LONDON’S “TOUGHEST CHRISTMAS” SINCE WORLD WAR II
- Boris Johnson shuts down London as Europe death toll hits 500,000
Millions of people in England and Italy will celebrate Christmas under tough new coronavirus restrictions as Europe battles a winter surge including a more infectious new strain.
Europe has become the first region in the world to pass 500,000 deaths from COVID-19 since the pandemic broke out a year ago, killing more than 1.6 million worldwide and pitching the global economy into turmoil.
British Prime Minister Boris Johnson has announced a “stay at home” order for London and southeast England to slow a new coronavirus strain that is significantly more infectious.
London Mayor Sadiq Khan said the capital “faces its toughest Christmas since the war,” referring to World War II. The business community criticised the measure, with Helen Dickinson, the chief executive of the British Retail Consortium, warning that “many thousands of jobs could be at risk”.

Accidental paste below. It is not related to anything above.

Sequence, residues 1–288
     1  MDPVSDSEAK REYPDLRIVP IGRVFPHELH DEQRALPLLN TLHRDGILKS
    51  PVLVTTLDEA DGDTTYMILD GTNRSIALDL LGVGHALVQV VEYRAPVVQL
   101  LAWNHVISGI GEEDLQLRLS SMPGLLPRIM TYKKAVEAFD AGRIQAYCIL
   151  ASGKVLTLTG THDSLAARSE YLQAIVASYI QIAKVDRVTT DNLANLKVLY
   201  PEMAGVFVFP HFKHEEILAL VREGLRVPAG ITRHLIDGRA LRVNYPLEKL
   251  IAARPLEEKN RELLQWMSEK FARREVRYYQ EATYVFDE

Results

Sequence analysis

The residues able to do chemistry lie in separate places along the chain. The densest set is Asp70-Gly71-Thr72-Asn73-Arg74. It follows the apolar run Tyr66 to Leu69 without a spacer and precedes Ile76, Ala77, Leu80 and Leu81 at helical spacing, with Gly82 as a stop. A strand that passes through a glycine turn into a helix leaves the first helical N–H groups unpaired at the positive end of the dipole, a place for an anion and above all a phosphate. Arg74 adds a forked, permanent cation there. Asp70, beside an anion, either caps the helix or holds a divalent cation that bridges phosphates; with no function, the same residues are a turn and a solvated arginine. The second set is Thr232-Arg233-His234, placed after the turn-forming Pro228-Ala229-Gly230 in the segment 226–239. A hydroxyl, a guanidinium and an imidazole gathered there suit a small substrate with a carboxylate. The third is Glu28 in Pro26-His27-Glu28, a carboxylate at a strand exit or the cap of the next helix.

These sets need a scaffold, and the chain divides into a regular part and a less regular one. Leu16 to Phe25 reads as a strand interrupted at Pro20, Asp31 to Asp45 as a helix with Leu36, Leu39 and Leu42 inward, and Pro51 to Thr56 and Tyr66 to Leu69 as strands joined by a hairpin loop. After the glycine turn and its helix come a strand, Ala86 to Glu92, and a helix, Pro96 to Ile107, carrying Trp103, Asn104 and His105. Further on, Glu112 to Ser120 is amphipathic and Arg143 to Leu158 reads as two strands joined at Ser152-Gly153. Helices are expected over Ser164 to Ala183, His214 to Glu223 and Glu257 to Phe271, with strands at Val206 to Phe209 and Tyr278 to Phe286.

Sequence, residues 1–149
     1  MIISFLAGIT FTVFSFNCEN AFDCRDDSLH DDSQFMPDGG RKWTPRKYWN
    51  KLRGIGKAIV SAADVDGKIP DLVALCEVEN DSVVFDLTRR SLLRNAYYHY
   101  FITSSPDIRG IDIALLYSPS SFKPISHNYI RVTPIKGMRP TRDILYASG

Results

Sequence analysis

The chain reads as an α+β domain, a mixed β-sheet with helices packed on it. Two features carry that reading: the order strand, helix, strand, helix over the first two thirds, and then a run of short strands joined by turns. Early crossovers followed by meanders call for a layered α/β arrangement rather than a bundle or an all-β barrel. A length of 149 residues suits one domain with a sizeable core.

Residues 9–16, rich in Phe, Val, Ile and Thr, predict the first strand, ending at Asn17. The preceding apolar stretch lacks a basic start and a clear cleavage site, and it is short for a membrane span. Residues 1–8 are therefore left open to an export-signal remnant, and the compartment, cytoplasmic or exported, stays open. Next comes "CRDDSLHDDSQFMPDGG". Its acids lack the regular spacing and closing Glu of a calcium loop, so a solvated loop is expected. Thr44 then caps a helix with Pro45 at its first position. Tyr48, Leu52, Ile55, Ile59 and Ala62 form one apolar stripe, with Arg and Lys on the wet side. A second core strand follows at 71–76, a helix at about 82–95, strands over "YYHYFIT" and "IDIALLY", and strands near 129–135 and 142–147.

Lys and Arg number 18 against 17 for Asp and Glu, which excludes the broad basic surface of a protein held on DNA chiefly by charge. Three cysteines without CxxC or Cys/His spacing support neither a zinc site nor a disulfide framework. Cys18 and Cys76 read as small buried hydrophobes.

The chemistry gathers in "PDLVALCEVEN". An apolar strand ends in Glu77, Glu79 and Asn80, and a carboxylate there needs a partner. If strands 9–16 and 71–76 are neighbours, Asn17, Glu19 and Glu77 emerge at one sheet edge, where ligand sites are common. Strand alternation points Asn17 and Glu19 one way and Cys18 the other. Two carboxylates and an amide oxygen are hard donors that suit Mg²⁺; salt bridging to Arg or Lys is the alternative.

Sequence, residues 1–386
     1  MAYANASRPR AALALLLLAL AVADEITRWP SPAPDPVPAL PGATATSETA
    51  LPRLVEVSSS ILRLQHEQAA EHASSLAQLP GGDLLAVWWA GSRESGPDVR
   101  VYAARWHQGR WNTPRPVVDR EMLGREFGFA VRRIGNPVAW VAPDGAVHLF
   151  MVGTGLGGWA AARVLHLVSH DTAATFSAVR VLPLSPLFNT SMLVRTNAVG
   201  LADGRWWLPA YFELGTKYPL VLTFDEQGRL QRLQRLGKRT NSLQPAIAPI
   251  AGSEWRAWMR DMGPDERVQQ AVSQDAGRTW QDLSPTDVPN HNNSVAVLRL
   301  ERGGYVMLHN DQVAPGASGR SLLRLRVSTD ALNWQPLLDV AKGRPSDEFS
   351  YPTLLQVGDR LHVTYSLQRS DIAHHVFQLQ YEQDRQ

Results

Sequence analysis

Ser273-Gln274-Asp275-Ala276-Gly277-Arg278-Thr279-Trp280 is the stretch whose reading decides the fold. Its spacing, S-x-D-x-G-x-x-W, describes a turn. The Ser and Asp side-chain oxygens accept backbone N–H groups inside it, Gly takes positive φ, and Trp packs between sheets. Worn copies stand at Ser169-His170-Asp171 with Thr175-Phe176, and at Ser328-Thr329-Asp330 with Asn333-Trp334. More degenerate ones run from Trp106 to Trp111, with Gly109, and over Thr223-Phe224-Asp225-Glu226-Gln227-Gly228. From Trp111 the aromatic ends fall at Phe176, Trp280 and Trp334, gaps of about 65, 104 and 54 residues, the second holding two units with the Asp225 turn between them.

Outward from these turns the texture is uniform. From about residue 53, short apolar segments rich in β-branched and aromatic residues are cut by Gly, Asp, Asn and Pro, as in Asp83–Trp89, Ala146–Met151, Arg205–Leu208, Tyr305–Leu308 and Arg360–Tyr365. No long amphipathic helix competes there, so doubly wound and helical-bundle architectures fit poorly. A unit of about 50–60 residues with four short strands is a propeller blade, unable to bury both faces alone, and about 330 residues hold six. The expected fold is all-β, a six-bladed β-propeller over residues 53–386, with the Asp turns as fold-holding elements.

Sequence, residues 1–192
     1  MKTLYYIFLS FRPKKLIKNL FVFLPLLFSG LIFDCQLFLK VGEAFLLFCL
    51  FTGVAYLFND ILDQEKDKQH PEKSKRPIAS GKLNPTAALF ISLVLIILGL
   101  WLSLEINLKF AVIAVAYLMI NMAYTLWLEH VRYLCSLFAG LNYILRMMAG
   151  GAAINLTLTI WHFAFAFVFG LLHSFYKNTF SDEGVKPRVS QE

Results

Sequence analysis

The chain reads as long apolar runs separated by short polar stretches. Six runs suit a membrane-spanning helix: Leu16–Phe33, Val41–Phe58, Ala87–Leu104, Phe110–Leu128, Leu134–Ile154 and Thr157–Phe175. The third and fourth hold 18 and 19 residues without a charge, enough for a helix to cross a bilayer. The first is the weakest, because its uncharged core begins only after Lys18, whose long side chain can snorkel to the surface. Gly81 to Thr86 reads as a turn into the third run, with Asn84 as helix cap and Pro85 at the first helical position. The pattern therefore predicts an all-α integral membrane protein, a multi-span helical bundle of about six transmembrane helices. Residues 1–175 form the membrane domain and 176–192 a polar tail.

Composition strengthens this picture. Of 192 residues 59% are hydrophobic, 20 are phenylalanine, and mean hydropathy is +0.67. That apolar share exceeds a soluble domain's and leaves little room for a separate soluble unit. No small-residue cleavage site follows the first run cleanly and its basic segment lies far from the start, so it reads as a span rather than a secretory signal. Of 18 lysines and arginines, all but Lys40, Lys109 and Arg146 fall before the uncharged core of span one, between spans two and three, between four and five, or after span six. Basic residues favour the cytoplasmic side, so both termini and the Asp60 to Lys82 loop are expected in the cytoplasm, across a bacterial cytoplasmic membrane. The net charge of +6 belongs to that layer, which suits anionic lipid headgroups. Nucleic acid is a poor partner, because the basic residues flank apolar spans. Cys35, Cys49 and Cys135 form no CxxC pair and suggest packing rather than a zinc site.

The retailers were already reeling under pressure because of second lockdown and UK retail sales in November fell by 3.8% last month, the Office for National Statistics (ONS) bringing to an end a six-month streak of rising trade.
Ending a six-month run of rising sales, the figures revealed the impact of the pandemic on the sector as the infection rate increased across the country.
A 19% fall in clothing sales followed the closure of most department stores and non-essential shops.
The only bright spot for retailers was an increase in the sale of household goods of 1.6% as shoppers went online to stock up for Christmas.
Supermarkets and food stores increased sales by 3.1%.
Analysts said it was no surprise the lockdown bolstered online shopping to a record total of 31.4% of all spending, after an increase of almost 75% since November 2019.
Meanwhile, many online retailers reported a boom in sales, as they did during the UK-wide lockdown in spring, though heavy discounting helped to keep the tills ringing.
In October, a 6.4% increase in online sales spurred a 1.2% rise in the total volume of retail spending, mainly driven by shoppers rushing to buy early Christmas presents before the second lockdown in England.